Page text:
Dayan Says He Had Asked Vance to Postpone Trip to Jerusalem Until Agenda Deadlock Could Be Resolved
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Dayan Says He Had Asked Vance to Postpone Trip to Jerusalem Until Agenda Deadlock Could Be Resolved

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Foreign Minister Moshe Dayan said today that he had personally recommended that Secretary of State Cyrus Vance postpone his departure for Jerusalem until Israel and Egypt resolved their deadlock over the agenda of the joint political committee which convenes here tomorrow. Dayan denied that the delay was, in any way, a form of U.S. pressure on Israel.

He said that he had suggested to Vance last week, through the U.S. Ambassador, that he should not come to Israel until the agenda issue was settled. “Why should he waste his time here watching me and Mr. Kaamel (Egyptian Foreign Minister Mohammed Ibrahim Kaamel) wrangle about the agenda?” Dayan said at a meeting with reporters.

He acknowledged, however, that the U.S. had played a “very active role” in mediating the agenda deadlock and conceded that without the Americans it might have been impossible to reach an agreement. Dayan stated that, in general, he favored an active American role as mediator because “face-to-face talks are good but not always enough.”

Dayan added: “We have been talking face-to-face with Jordan for the last ten years and have achieved nothing.” His remark appeared to be a confirmation of reports published over the years, but vehemently denied by both sides, that Israel and Jordan have had numerous contacts at the highest levels.

Dayan said he learned from press reports from Washington that Vance was coming to Jerusalem with a U.S. compromise proposal for the West Bank but that he had not been informed officially of this. The American proposal is believed to endorse Premier Menachem Begin’s offer of self-rule to the West Bank and Gaza Strip Arabs but only as a transitional arrangement that would lead ultimately to broader independence or self-determination with close links to Jordan.


The Foreign Minister acknowledged that Egypt was demanding and needed, for its own relations with the Arab world, an agreed statement of principle on the question of self-determination for the Palestinians. He said this was one of the three current obstacles to a peace agreement.

The other two, he said, were bilateral issues mainly of a military nature but including Israeli settlements in northern Sinai; and a decision by Egypt whether or not to sign a separate peace agreement with Israel. The Foreign Minister said his own assessment at this point is that Egypt will not act alone.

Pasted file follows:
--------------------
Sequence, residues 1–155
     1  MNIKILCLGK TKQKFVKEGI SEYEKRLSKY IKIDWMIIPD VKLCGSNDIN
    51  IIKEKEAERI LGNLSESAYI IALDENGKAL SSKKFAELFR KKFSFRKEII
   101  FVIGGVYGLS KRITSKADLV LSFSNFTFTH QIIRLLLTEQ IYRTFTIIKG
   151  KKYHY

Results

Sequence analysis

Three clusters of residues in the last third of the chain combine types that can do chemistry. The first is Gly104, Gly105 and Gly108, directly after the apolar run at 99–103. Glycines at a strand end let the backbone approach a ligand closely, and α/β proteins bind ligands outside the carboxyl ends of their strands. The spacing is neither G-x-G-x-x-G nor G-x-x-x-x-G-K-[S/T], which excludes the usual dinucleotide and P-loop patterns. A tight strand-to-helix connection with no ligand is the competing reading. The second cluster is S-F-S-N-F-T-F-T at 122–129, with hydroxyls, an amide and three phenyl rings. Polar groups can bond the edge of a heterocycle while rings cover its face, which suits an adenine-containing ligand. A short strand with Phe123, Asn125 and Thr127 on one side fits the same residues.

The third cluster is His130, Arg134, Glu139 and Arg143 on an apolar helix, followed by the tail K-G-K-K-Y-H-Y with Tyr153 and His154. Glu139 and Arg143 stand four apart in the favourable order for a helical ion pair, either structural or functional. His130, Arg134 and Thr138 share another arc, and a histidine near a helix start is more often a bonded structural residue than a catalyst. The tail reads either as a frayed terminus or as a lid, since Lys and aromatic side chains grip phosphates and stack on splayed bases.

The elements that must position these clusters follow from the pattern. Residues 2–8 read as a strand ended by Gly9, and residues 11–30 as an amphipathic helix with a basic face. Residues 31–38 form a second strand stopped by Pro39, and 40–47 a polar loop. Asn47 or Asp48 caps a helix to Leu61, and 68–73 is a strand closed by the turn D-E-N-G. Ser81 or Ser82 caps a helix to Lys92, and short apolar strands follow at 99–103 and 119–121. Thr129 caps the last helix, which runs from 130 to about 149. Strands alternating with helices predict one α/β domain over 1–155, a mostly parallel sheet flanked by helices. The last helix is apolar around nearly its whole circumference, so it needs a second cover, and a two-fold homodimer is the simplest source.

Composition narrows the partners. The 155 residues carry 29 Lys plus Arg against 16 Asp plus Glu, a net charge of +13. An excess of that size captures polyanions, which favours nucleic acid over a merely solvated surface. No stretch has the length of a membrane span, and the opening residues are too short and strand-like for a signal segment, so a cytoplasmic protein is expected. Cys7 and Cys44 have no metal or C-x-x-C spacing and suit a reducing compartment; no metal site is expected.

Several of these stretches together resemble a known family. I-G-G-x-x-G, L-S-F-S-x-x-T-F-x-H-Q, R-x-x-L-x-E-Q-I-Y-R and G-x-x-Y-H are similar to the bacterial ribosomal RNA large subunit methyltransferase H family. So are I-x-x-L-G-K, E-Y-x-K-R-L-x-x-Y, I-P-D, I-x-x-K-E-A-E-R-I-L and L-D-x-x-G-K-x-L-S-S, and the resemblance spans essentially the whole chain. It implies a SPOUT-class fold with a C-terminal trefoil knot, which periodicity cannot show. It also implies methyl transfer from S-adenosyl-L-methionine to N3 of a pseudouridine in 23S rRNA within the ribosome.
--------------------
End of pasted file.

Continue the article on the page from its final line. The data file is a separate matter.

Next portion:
If, however, Jordan and the moderate Palestinians joined Egypt, then, with American encouragement, it would sign a pact with Israel, Dayan said. What is required, he said, is a breakthrough on the Jordanian-Palestinian aspects of the conflict. He stressed the positive effects of U.S. mediation and the importance of later American political and economic support for the parties.

But Dayan said Israel was angered and saddened by President Carter’s recent statements that the U.S. still regards Israel’s settlements in the occupied areas to be illegal. According to Dayan, those statements did not coincide with the earlier American position on the settlements.

Dayan said that the political committee agenda finally agreed on by Israel and Egypt was in harmony “with all of Israel’s positions.” He said that did not mean that the Egyptians would not raise all of their own positions at the Jerusalem talks. But Cairo’s efforts to have its positions incorporated into the agenda, thus denoting a priori acceptance, were unsuccessful, he said. He said the agenda contained no reference to the Palestinian people and no specific call for Palestinian self-determination or total Israeli withdrawal from Arab territories.


The agenda consists of three items: a declaration of principles that would govern the negotiations of a comprehensive Middle East peace settlement; guidelines for negotiations over the issues of the West Bank and the Gaza Strip (the Israeli version refers to “Judaea, Samaria and Gaza”); the elements of peace treaties between Israel and its neighbors in accordance with the principles of United Nations Security Council Resolutions 242 and 338.

Israeli sources said the Egyptians had been pressing for an item to be labeled “the end of occupation” and another called “principles of security based on reciprocity.” Still another Egyptian proposal–apparently the most objectionable From Israel’s viewpoint–called for “a just solution of the Palestinian problem (or “the problem of the Palestinian people”) in all its aspects on the basis of self-determination.”

Israel rejected the phrase “in all its aspects” because it implied the inclusion of Palestinians now living outside of the West Bank and Gaza Strip. The terns “Palestinian problem” or “Palestinian people” were also unacceptable to Israel because of their political connotations. The agenda deadlock was finally resolved yesterday when Egypt agreed to accept the word “issues” after the words “West Bank and Gaza” According to the Israelis “West Bank and Gaza” alone had political implications.

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